The Chicago Bulls have had an eight-year stretch that most teams would die for. The franchise has made the playoffs for seven consecutive seasons, and this season will make it eight, assuming they make it. Unfortunately for the Bulls, they aren’t just any team. They’re the Chicago Bulls, a team with six championships from two decades ago that’ll forever define the organization. Making the playoffs isn’t enough, whether it’s fair or not. Competing in the playoffs is everything.
The Bulls haven’t made a deep playoff run since 2011 before you-know-what happened. They had a good chance to dethrone LeBron James and a depleted Cleveland Cavaliers team last postseason, but it was for naught. The Bulls fell short and are essentially the same team this season. They’ll almost certainly make the playoffs again, but another disappointing postseason loss is likely coming at the end of the year. After this season, that much might not even be guaranteed.
Derrick Rose, Jimmy Butler, Bobby Portis, Mike Dunleavy Jr., Doug McDermott, Tony Snell, Nikola Mirotic and Taj Gibson are the only players locked in after this season. Joakim Noah will be a free agent this summer, as will Pau Gasol in all likelihood. Rose and Gibson will become free agents after the 2016-17 season. By the 2017-18 season, Butler, McDermott and Portis are the only players currently locked into deals (Mirotic and Snell have qualifying offers and Dunleavy is non-guaranteed). This Bulls team could look real different, real quick.
Butler is the lone cornerstone of the franchise. He’s 26, locked into a long-term contract, and really, really good. The rest of the Bulls’ roster is filled with question marks.
The trio of McDermott, Mirotic and Portis, all at or under the age of 24, figure to be nice future pieces, but none of them project to be future stars. McDermott has improved dramatically this season, nearly doubling his PER from a season ago, but his lack of athleticism and age (he turns 24 in January, which is ancient for his experience), will hinder him from becoming more than a good role player.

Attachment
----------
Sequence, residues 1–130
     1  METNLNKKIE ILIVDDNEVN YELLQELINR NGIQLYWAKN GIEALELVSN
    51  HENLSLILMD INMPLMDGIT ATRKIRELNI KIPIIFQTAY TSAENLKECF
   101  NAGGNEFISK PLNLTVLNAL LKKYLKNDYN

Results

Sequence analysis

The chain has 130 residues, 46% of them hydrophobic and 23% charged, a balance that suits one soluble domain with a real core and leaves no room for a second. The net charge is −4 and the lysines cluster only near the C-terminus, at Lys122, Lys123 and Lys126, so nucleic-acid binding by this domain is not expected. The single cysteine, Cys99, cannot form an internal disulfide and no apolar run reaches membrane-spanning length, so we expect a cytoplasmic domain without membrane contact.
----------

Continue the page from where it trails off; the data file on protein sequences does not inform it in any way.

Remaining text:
Mirotic was sensational as a rookie, finishing second in Rookie of the Year voting, but he’s taken a huge step back this season. He seems constantly unsure of himself, not knowing whether to pump fake or shoot, pass or drive. His shot is flat and inconsistent despite his reputation as a stretch big. He’s also a liability defensively and on the boards. Mirotic turns 25 in February, so he needs to start showing progress soon. If he doesn’t, his three-year deal with the Bulls may be his last.
Portis, the Bulls’ 2015 first-round pick, is already a fan favorite. The campaign of #freebobbyportis has taken on a life of its own, but no social media trend is going to get a player on the floor. Fred Hoiberg has been adamant in not playing Portis this season, and that’s not a good sign. If Portis can’t see the floor with his shot-making skills on a team desperate for offense, then there’s something Hoiberg can see that others can’t. Hoiberg isn’t benching Portis because of the redshirt year Tom Thibodeau often utilized for rookies. Hoiberg probably just doesn’t think Portis is good enough right now. If that’s the case, it’s hard to believe he’ll turn into a future All-Star for the Bulls if he can’t even earn a rotation spot on the 27th-ranked offense in the league.